I am a freelance writer and author (of We Will Meet Again, a contemporary romance). My works have been published in magazines like Good Housekeeping India, Child India, New Woman and Woman's Era.
So, naturally, anything related to freelance writing interests me. Recently, Blog Chatter, a wonderful blogging community (if you are a writer or blogger, you must follow Blog Chatter) initiated an interactive and enriching discussion on freelance writing. There were some questions that we discussed on Twitter that (and Blog Chatter of course) prompted me write this post.
Here, I am trying to answer some questions and share my learning and experience. Question & image credit goes to Blog Chatter.
Freelancing is a very broad term. Since, I am a freelance writer, I am going to talk about freelance writing.
My answer to this questions would be 'Yes' but I can't resist myself adding that 'it's difficult'. If you want to consider freelance writing as a full-time career option, you need to be focused and dedicated. It demands a lot of patience as it takes time to flourish. It involves extensive research and smart marketing skills. You need to make serious/long-term professional contacts and most importantly, you must be very prompt when it comes to ideas and deadlines.
Your chances to succeed as a freelance are fairly high if you manage to get frequent international gigs.
Or Do you have a modus operandi for freelance jobs?
The first thing you need to do is to find suitable markets, and for that you should study the market. Never send your ideas without studying the market (magazine/newspapers/websites) and its guidelines. Because if you do this, there could be two adverse effect -
1) You may not know if your ideas/style is suitable for that particular market.
2) The editor would know that you are not familiar with the market and it may ruin your (first) impression thus your chance of getting the gig.
Also, always address the editor by her/his name.
The second important thing is to learn to write striking pitches. Your pitch is your first impression. And, do not hesitate to follow up. Editors are busy people. Sometimes, you need to remind them, and it's okay.
In my opinion, the biggest challenge of freelancing is to market yourself as an efficient writer. Making contacts and building relationship. If you are smart enough to develop the trust and a long-term relationship with the editors, your chances are high.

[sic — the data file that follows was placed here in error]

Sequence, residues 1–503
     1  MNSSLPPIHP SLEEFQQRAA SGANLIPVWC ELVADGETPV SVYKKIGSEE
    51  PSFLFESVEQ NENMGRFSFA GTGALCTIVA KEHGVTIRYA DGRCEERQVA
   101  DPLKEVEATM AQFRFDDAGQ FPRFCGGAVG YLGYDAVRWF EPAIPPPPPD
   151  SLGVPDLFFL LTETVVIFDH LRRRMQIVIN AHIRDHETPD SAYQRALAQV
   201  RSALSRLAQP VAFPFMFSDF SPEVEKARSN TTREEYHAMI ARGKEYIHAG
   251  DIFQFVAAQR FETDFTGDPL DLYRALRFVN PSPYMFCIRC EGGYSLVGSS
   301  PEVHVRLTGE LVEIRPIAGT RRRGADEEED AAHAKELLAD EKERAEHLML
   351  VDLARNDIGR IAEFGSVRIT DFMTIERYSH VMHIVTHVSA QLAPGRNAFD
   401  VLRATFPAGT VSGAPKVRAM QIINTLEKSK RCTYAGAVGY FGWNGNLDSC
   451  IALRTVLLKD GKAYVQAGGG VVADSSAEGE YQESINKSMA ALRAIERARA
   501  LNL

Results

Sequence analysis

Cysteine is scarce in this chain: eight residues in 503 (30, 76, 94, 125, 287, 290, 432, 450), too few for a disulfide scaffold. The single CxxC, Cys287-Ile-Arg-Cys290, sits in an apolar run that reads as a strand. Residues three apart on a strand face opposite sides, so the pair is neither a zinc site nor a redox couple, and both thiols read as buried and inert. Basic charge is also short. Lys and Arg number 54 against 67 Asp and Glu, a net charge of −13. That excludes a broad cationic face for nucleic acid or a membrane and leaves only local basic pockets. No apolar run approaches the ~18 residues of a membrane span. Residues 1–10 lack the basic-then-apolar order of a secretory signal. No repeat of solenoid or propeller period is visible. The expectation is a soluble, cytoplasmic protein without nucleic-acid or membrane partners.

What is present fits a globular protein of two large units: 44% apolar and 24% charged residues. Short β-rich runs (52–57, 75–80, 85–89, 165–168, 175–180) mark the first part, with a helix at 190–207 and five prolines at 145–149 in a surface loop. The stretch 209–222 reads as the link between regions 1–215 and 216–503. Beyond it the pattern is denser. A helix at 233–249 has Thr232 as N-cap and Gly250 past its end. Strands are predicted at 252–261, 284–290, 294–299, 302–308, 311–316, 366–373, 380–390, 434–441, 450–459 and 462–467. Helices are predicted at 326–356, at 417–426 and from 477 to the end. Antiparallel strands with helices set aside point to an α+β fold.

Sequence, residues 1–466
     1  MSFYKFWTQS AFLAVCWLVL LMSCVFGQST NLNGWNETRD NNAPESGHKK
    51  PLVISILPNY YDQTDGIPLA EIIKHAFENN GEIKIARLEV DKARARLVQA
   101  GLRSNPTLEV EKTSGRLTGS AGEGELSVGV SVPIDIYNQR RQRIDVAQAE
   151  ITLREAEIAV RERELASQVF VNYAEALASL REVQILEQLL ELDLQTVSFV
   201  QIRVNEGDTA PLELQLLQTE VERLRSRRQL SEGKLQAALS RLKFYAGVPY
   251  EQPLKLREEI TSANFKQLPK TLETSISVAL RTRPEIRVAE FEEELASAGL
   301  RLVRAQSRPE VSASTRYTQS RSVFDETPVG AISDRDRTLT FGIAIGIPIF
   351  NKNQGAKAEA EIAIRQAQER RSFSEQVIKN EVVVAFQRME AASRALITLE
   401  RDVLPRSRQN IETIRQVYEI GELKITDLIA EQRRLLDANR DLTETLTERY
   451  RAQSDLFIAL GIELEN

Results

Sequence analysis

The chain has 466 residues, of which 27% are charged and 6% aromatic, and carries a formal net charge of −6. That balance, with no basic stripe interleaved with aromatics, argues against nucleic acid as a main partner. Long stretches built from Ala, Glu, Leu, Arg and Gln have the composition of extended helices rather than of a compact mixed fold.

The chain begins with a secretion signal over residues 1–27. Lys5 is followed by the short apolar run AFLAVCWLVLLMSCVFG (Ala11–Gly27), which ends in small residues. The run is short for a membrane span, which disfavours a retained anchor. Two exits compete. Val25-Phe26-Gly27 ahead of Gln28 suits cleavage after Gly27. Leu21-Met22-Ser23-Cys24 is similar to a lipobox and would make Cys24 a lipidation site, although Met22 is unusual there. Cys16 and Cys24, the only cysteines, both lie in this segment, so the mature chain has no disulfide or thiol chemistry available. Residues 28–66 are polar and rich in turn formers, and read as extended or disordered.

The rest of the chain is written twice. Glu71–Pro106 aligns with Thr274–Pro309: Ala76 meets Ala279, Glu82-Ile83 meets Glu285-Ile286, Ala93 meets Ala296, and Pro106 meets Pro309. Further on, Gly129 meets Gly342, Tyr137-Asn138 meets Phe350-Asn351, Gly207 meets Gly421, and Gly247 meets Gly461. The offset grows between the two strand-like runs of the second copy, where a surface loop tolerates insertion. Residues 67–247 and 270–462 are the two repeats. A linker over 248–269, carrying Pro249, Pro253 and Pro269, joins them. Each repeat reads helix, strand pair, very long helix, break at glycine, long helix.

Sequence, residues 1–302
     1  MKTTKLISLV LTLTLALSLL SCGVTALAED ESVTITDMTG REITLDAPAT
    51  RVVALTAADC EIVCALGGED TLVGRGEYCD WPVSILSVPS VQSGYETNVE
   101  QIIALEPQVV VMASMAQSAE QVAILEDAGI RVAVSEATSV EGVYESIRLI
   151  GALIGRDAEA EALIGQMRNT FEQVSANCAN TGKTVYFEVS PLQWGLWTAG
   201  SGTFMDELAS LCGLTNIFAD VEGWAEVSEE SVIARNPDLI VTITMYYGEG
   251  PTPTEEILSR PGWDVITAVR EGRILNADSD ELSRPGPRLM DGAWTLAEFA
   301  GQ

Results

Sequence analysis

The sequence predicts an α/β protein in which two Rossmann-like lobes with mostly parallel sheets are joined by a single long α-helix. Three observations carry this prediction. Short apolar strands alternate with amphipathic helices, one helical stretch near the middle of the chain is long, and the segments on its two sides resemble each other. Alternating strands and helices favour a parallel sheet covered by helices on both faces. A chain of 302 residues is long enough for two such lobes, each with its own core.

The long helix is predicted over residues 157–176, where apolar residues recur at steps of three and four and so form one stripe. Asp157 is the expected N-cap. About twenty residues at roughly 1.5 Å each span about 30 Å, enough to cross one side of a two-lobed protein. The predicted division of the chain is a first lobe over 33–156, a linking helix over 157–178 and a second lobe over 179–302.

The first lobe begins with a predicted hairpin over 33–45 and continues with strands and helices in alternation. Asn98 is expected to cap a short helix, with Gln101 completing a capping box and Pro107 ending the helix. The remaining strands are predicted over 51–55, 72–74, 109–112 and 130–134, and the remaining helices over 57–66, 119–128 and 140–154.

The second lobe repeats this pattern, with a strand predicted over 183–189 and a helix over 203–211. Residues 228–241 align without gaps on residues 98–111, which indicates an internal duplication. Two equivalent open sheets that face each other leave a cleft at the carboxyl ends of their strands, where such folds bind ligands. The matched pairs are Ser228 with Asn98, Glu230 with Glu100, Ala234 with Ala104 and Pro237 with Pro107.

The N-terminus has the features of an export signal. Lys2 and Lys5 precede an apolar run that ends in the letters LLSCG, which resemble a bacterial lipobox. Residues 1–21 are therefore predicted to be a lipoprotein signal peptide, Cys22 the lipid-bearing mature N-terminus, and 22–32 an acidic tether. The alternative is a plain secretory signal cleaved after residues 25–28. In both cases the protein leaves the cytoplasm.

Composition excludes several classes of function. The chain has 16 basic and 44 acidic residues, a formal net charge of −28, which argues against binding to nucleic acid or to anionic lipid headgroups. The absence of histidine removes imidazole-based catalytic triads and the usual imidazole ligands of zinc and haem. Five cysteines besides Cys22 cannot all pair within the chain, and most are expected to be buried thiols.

Another challenge is to keep your pockets full of different ideas. It is advisable to find your niche, but I believe you should learn to work out of your comfort zone to maximize your success as a freelance writer. You need to find unique ideas (This is another topic for some other time) to stand out in the market. Even if your idea is common, you must learn to tweak them. Think out of the box.
Then, you must have the ability to reach out to experts for interviews to make your pieces authentic. And, last but certainly not the least, you must meet your deadlines!
Honestly, I haven't worked much with foreign clients, but whatever my experience is, I believe they are more approachable and responsive. Money is smooth. But yes, you can't trust blindly just because it's an international market (and money is good). You must check with fellow writers who have worked with international magazines/newspapers. Connect with successful Indian-international freelance writers. LinkedIn can be a helpful source for this.
You may follow 'Make Living Writing' and 'The International Freelancer' to understand the International freelance writing better.
If you want to succeed as a freelance writer, I would advise you to read 'EVERYTHING YOU WANTED TO KNOW ABOUT FREELANCE JOURNALISM (BUT DIDN’T KNOW WHOM TO ASK' by Kavitha Rao and Charukesi Ramadurai. It's a must have for new freelance writers as it will answer most of your questions.
So, that's all for now. I hope you find this post helpful. Please share your insights (even queries, if any). I am all ears!